This one starts out exceedingly slow (even for Caldwell) and is exceedingly gloomy (even for Caldwell). But since nothing else is calling to me at this time, I'm soldiering on with it. At 390 pages (in the original edition published by Scribners, which is the one I read) it's one of Caldwell's shorter novels, but her prose is as verbose as in any of her longer books. And as is often true in Caldwell's novels, a family is often not a happy thing to be a part of.    From her first novel, DYNASTY OF DEATH, Caldwell seemed to delight in pitting parent against child, sibling against sibling.  Relatives in Caldwell novels often make a strong point of absolutely loathing each other.
     The character of Melissa reminds me of later Caldwell characters such as Caroline Ames in A PROLOGUE TO LOVE, Jenny Heger in TESTIMONY OF TWO MEN, and Ellen Watson in CEREMONY OF THE INNOCENT - all are women whom life - and people - treat harshly at some point in their lives. Not surprising, as this was Caldwell's own experience as well.
     Ultimately, MELISSA proved something of a disappointment - nothing really happens during the 390 pages of the novel, though it's an interesting portrait of an emotionally crippled woman and how she suffers through the selfish manipulations of other people, particular her father. Caldwell was obviously an intelligent and well-read woman, yet despite her fame and success, she evidently regarded women as inferior to men and dependent on them for their image of themselves.  At some point she wrote the following, which is quoted in Wikipedia's entry on Caldwell:
    "There is no solid satisfaction in any career for a woman like myself. There is no home, no true freedom, no hope, no joy, no expectation for tomorrow, no contentment. I would rather cook a meal for a man and bring him his slippers and feel myself in the protection of his arms than have all the citations and awards and honors I have received worldwide, including the Ribbon of Legion of Honor and my property and my bank accounts. They mean nothing to me. And I am only one among the millions of sad women like myself."

MAURICE - 1971 – E.M. Forster
     I’m classifying this as a Re-Read because I’m 99% sure I read it some years ago; the problem with the Merchant Ivory film adaptations of E.M. Forster  is that they are so faithful that it’s possibly to confuse the film with the book – they seem to merge in the mind, as should be the case with any fine film adaptation (and certainly is the case with TO KILL A MOCKINGBIRD, for example)– this was certainly the case for me a couple of years ago when I thought I was re-reading HOWARD’S END – somewhere around halfway through I realized that, although I’d seen the film many times, I’d never actually read the novel!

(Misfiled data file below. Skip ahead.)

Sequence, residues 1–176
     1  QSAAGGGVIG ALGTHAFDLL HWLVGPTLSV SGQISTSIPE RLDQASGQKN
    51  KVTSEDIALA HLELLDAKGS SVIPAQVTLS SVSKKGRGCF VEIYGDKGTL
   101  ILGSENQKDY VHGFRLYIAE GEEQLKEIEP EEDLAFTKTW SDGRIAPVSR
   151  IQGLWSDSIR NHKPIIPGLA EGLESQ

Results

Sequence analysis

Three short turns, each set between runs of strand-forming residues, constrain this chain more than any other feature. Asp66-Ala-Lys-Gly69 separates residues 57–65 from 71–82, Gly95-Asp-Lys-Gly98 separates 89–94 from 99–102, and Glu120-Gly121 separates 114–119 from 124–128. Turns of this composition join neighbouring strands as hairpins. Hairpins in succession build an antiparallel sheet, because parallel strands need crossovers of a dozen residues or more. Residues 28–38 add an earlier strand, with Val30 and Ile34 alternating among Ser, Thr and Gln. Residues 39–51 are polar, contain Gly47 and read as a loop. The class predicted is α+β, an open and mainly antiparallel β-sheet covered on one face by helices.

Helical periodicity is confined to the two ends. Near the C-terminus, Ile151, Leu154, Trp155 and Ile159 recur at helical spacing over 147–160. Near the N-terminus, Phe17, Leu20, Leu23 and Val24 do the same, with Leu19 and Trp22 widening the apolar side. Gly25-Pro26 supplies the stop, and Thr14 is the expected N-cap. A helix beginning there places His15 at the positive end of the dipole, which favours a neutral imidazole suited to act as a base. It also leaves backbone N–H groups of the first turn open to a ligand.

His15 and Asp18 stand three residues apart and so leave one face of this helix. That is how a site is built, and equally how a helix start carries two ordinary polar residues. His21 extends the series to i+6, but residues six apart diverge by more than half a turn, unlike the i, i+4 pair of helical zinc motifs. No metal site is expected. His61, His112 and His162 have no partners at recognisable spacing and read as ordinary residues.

E.M. Forster's novel of homosexual emergence and love in the Edwardian era was written just prior to World War One, but because the novel's subject was very controversial (homosexual acts were still illegal in England at the time) and because Forster himself was extremely closeted, he chose not to publish it during his lifetime, although he apparently did share the manuscript with friends in the decades after it was written, during which he made occasional changes to the novel. He wrote in his "Terminal Notes" to the novel:
     "A happy ending was imperative. I shouldn’t have bothered to write otherwise. I was determined that in fiction anyway two men should fall in love and remain in it for the ever and ever that fiction allows, and in this sense Maurice and Alec still roam the greenwood. I dedicated it “To a Happier Year” and not altogether vainly. Happiness is its keynote---which by the way has had an unexpected result: it has made the book more difficult to publish. Unless the Wolfenden Report becomes law, it will probably have to remain in manuscript. If in ended unhappily, with a lad dangling from a noose or with a suicide pact, all would be well, for there is no pornography or seduction of minors. But the lovers get away unpunished and consequently recommend crime. Mr. Borenius is too incompetent to catch them, and the only other penalty society exacts is an exile they gladly embrace."